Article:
Raise Your Vision

March 27, 2015

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5 Don’ts for Creating a Generous Culture By Mike Stickler

Do you want to help your ministry become a culture of generosity? It’s important to know how to go about it, and The Vision Group has resources to help you. But it’s not enough to know what to do; you also need to know what not to do.

Recently I asked stewardship experts Brian Kluth and Michael Williams what don’ts they would share with leaders who want to help their ministries become more generous. Here are some of their insights:

  • Don’t talk about money all the time. People in your ministry community will respond more willingly to opportunities to give when it doesn’t come across as a demand.
  • Don’t ignore the subject of generosity. It can be an awkward topic. So leaders have to be intentional about teaching on this subject and providing opportunities for people to be generous.
  • Don’t create burdensome expectations. We want people to be generous, but we don’t want to set them up to fail.
  • Don’t fail to make a big deal out of the generosity your people express. If you are helping people to become generous, celebrate it when they are.
  • Don’t think there’s one silver bullet that will solve all giving issues. Rather than relying on, say, a one-time stewardship sermon or brochure, plan stewardship teaching and giving opportunities throughout the year.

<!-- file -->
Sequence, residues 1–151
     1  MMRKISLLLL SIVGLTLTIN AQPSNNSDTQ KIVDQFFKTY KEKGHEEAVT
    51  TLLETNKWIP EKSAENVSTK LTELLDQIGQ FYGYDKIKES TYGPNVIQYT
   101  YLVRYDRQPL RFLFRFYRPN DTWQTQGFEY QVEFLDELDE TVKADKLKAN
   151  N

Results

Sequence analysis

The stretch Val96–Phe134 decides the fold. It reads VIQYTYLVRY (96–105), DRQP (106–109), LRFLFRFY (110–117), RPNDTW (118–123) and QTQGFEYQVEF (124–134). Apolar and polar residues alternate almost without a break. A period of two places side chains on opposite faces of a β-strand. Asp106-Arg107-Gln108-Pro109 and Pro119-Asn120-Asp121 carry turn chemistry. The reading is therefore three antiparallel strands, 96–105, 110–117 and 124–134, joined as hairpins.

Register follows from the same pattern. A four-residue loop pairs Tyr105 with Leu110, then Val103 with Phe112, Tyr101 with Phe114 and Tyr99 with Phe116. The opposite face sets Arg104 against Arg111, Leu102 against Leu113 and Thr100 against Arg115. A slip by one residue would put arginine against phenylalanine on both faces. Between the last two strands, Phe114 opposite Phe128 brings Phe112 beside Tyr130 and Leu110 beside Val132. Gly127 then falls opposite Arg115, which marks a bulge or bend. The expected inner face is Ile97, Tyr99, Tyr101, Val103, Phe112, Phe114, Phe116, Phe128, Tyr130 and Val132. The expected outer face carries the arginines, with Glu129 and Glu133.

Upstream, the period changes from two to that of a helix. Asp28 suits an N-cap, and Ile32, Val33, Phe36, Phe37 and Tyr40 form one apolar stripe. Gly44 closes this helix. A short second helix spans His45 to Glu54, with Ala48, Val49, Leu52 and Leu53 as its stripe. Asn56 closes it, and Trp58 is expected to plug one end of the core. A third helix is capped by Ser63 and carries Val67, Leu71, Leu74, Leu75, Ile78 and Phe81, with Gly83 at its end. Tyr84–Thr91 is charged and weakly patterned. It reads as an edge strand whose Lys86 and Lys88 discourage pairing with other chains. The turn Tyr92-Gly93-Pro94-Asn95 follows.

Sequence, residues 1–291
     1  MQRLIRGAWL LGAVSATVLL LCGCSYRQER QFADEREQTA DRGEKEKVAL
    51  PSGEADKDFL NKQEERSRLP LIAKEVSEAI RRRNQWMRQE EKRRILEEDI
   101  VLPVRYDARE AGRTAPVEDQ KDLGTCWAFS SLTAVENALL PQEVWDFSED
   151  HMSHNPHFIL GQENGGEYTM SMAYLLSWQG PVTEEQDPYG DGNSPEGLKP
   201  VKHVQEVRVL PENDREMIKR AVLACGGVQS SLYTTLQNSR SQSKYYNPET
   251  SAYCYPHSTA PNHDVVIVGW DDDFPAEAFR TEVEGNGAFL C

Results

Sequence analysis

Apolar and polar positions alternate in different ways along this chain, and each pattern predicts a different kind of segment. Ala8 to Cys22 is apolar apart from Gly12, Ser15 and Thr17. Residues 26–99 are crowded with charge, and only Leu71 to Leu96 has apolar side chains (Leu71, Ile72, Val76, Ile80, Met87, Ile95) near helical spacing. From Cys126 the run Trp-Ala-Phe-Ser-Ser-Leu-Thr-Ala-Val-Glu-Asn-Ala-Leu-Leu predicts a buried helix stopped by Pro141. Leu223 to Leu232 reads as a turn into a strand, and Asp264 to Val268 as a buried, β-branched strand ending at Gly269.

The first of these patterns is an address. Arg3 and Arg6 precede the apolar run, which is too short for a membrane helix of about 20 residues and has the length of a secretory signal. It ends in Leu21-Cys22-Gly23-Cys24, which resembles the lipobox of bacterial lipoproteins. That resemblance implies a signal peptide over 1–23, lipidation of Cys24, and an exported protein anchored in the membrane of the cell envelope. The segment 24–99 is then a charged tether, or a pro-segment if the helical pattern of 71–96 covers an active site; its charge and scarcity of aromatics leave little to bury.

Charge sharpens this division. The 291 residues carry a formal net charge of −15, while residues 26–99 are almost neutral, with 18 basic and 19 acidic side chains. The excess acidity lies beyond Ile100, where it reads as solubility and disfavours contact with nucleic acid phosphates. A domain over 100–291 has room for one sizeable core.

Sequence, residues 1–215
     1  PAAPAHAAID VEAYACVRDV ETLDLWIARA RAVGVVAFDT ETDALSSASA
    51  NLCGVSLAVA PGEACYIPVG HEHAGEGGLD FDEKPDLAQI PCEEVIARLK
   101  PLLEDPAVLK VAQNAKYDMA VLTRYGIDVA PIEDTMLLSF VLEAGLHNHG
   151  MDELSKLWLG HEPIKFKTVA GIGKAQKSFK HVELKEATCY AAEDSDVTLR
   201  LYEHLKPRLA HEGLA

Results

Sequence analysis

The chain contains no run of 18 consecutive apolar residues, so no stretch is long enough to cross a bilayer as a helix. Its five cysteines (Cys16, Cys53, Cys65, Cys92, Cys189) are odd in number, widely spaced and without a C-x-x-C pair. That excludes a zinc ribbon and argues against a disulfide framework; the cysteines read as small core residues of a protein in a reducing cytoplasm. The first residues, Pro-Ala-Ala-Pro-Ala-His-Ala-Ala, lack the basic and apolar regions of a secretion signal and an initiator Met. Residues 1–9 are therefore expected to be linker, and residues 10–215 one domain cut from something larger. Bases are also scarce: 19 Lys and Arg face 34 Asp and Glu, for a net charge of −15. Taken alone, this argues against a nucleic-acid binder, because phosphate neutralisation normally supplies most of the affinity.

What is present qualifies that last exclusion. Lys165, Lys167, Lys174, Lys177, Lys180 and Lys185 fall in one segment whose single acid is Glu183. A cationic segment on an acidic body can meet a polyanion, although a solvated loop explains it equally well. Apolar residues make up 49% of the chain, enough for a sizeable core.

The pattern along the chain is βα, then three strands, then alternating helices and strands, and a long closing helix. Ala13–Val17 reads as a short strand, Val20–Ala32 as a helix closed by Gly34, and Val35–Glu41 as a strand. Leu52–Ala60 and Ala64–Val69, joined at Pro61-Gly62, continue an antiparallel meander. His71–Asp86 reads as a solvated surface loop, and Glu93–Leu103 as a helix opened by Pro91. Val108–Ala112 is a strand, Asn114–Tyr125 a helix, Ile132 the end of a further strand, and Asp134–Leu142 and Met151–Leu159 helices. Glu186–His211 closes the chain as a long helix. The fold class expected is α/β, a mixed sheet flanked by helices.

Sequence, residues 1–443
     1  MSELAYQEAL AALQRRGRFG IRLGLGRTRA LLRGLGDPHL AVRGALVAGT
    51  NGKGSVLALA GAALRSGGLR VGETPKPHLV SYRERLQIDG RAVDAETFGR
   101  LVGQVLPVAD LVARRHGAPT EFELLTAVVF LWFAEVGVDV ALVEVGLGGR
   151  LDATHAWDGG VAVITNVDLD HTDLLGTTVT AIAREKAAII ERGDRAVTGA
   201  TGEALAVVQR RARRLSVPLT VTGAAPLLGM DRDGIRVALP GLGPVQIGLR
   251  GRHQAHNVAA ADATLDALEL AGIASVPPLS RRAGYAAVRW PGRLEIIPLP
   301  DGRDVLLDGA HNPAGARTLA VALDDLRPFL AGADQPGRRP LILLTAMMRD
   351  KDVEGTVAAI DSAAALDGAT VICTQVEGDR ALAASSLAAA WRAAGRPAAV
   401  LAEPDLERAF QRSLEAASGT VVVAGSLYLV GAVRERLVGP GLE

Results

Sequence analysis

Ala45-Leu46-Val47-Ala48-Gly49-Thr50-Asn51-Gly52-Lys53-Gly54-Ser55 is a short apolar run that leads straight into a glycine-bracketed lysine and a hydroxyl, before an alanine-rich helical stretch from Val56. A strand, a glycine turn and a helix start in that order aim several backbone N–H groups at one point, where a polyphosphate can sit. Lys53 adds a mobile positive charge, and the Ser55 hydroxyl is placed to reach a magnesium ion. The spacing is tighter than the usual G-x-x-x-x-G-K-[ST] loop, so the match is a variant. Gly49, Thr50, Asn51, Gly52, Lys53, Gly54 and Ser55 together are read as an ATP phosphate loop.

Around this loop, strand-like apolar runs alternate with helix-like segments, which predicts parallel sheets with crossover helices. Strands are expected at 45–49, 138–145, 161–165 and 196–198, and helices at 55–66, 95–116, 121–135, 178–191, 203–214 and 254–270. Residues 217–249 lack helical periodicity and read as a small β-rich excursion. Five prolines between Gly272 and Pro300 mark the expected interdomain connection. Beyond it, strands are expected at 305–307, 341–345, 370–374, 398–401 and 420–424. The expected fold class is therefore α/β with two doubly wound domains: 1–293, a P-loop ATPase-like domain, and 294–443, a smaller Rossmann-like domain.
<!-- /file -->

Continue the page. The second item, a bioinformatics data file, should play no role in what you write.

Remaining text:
What other advice would you give to ministry leaders who want to foster generosity in their ministries?

You can hear more about Effective Ministry Leadership from Mike Stickler on this week's featured program. Mike is also one of the presenters at the Raise Your Vision Online Forum.

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March 20, 2015

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Freebie Friday: Podcast with David Kinnaman - You Lost me

Get your free podcast with David Kinnaman - "You lost me, why young Christians are leaving the Church."
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March 18, 2015

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Transformational Leadership & Your Local Symphony Orchestra

Hugh Ballou is a transformational leadership strategist and coach as well as a seasoned conductor of choirs and orchestras. We recently talked about how leaders can bring out the best in their people to achieve a common vision.

Ballou began by describing a leader as three things:

  • a person who gets things done
  • a person who knows how things get done